So, having read all this you may be wondering, Is this a gimmic? I doubt it, and if so, what a HUGE amount of work to go to in order to pull it off. The story is a solid one -- it is solidly grounded in historical fact with enough tension and passion created for the characters to pull you along. I enjoy historical fiction and poetry, so it was a shoe-in for me. When I finished it and clued in (duh) to the intricate style I just wanted to read it over again.

I have one small quibble. In Sarah's narrative poem Such Immense Love, Sarah and Murdo are out on the cliffs of Mingulay where they are wont to wander. After I read this: Waves crashed onto the cliffs below us, and we -- kissed./In love, they say, as if love is a place you enter-- as if we/ slice open time and find a whole new island inside one moment./I'm shaken by the strength of this. Does what we did together mean/I'm going to have a child? Why did no one warn me?... Okay, so I read that and figured that Sarah, like so many other girls through history who have no knowledge of sex, assumed that kissing meant you could get pregnant. But, no, as we learn, "what we did together" was actually having sex. When I later learned she's pregnant, I went, Hey, wait a minute, and had to go back and re-read this passage. Did I miss something? Obviously. This "loss of virginity passage" was just a little too vague and cagey for moi. Overall, a small quibble, however, in a very enjoyable, and ambitious, verse novel.

You can read some more reviews here, from Fuse #8 and here's an interview with Frost from School Library Journal. The author also has some great links about the location, the history, the book (including review excerpts) on her website.

Calling All Vancouver Island Writers

The Victoria Public Library and Vancouver Island Regional Libraries will be having a writer-in-residence program, commencing September 2008. Check their website for details.

The Coolest Kind of Bookworm

Check out the 8-panel series "Bookworm" by artist UK Holly Ormrod, who, among other wonderful things, has an MA in Book Arts. Who knew there was such a thing? Check out her site to see some of the other lovely things she does with books. All images used with permission.

Thursday, January 17, 2008

Stamp, stamp for Children's Illustrators!

I suspect this is old news for American readers, but I just received a package with some of these fabulous stamps on it. Hmmm, which characters would we put on Canadian equivalents? Franklin the Turtle, The Paperbag Princess, Zoom, Stella, Kurelek's "Prairie Boy"...? Who gets your vote?

Wednesday, January 16, 2008

Serendipity and Authorfest - Upcoming Events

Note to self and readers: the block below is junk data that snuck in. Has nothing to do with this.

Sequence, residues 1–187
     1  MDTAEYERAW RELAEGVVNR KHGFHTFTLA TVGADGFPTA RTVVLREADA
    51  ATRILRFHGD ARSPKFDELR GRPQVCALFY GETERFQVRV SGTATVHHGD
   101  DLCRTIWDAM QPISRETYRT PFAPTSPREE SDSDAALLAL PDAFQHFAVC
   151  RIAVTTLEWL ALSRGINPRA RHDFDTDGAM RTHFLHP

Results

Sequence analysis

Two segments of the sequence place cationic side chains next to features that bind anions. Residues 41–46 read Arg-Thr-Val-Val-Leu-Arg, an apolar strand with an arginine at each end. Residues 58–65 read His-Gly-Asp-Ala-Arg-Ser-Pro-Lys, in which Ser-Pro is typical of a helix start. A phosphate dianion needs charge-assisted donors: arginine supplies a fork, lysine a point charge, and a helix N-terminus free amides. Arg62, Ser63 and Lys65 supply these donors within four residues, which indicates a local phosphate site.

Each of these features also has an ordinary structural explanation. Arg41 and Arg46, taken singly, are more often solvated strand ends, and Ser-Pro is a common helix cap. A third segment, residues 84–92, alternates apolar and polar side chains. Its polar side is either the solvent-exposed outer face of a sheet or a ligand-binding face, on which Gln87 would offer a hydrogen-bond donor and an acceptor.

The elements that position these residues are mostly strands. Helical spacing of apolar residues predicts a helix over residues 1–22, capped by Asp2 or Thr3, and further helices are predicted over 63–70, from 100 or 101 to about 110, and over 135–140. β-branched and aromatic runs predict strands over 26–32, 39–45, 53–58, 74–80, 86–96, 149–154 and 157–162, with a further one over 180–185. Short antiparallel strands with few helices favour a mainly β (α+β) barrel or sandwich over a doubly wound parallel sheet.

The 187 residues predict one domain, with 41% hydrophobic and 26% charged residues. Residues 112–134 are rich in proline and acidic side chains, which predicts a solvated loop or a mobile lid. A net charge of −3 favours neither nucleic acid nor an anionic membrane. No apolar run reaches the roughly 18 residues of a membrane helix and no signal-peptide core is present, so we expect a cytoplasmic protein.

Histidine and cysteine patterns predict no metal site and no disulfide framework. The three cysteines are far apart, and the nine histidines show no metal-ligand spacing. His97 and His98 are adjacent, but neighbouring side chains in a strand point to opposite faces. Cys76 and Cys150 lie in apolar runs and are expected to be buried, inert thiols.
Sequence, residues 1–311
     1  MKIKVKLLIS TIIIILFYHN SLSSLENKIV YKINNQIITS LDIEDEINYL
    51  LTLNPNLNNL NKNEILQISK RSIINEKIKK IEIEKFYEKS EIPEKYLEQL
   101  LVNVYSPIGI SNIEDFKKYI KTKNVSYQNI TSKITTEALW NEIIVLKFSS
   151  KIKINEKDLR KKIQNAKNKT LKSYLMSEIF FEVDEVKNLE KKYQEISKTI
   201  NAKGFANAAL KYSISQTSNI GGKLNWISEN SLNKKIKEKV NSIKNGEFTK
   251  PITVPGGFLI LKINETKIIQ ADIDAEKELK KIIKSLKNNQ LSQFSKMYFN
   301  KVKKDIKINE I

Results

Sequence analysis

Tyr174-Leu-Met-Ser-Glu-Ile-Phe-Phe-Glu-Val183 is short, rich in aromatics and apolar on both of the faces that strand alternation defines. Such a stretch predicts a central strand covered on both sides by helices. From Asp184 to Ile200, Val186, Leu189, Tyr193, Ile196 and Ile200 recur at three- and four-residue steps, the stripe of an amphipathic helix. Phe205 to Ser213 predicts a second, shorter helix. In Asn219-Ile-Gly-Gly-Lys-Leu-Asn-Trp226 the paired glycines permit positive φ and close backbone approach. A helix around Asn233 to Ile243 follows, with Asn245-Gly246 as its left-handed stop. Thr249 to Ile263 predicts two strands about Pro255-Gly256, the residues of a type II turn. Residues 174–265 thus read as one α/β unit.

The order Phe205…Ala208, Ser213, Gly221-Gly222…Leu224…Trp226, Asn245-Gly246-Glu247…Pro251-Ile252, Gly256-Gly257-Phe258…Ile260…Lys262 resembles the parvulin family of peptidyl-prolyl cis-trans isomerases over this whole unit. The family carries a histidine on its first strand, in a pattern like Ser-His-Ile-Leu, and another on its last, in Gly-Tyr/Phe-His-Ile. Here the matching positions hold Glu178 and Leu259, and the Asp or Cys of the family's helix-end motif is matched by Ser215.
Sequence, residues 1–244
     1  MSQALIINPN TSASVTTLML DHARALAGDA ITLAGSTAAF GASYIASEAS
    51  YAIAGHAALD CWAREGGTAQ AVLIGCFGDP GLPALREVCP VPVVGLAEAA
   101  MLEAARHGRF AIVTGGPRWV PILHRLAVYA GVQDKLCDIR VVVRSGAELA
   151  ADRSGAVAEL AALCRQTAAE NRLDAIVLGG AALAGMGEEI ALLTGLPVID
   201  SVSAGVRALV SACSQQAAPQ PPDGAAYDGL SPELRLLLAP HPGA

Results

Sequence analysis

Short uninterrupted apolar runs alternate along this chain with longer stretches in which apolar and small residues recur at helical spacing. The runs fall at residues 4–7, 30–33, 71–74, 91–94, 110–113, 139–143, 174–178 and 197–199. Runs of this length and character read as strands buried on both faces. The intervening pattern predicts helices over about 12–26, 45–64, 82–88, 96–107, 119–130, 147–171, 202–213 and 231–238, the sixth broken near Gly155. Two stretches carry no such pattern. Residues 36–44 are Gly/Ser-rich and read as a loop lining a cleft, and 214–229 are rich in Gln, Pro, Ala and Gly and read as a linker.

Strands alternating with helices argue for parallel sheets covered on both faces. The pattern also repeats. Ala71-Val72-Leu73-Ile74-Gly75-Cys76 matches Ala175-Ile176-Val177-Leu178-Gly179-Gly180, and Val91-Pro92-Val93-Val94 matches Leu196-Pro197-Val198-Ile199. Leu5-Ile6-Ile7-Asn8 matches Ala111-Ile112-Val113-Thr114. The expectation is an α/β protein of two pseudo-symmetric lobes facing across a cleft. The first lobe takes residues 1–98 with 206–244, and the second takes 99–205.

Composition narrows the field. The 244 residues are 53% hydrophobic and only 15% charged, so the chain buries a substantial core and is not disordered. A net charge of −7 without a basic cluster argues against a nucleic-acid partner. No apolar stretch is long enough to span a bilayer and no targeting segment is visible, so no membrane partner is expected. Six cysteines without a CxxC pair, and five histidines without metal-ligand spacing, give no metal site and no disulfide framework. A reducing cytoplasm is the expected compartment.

If you're in Vancouver (or even anywhere within a few hundred kilometres) and you're free on February 8th or 23rd, you might want to check out two great events put on by the Vancouver Children's Literature Roundtable. Sadly, I won't be able to make either this year, but they're well worth attending if you're interested in writing, illustration, children's books, children's literature, the lives of writers and illustrators. Oh heck, if you once were a child, go!

Authorfest is February 6 from 4 - 6 pm at UBC's Wesbrook Building. The panel includes author Sarah Ellis, winner of the 2007 TD Canadian Children's Literature award; poet, Robert Heidbreder; writer and science educator, the Science Lady, Shar Levine; and writer, poet and dramatist, Kari-Lynn Winters.

Serendipity is on February 28 from 8 am - 4 pm. It will be held at the beautiful First Nations' Longhouse at UBC. This year's theme is "a celebration of First Nations writers and illustrators of children's books." Speakers include illustrator George Littlechild; author Richard van Camp; author and illustrator Leo Yerxa; illustrator Julie Flett; author Earl Einarson; and author Diane Silvey. Wish I could be there. Boo hoo for me.

Monday, January 14, 2008

Hey, Rocket Man!

I've got a new little friend, and his name is Martin Bridge. This spunky protagonist is the creation of author, Jessica Scott Kerrin. He's the hero of six books, including Martin Bridge: Sound the Alarm!, Martin Bridge: Ready for Takeoff! and, the most recent, Martin Bridge: In High Gear! The series is illustrated by Joseph Kelly.

Each book contains two or three stories, which are perfect for kids ready to move up a notch in their chapter book reading. Martin is an aspiring rocket scientist and fan of his super-hero, Zip Rideout star of the cartoon, Zip Rideout: Space Cadet. Martin's stories deal with the everyday stuff of life that kids just might have to grapple with -- the grumpy school bus driver, the dead pets (that you happen to be pet sitting), jealousy (who has the fancier rocket), being lost, peer pressure, and the like. Things don't always go Martin's way and we're with him as he tries to sort out his actions and reactions to what life throws him.

Here are a smattering of reviews (SLJ and BookList and Canadian Materials) for Ready for Takeoff!, the first book in the six book series. This title was on the Fanfare List from The Horn Book and was listed as one of the best books of 2005. A few reviews bemoan that Martin is just a bit too good-to-be-true and the stories tend toward being moralistic. Yes, of course, impish children who are up to no good are fun in stories, but, you know, it's also nice to read about good-at-heart kids making their way through the dilemmas they'll find in life.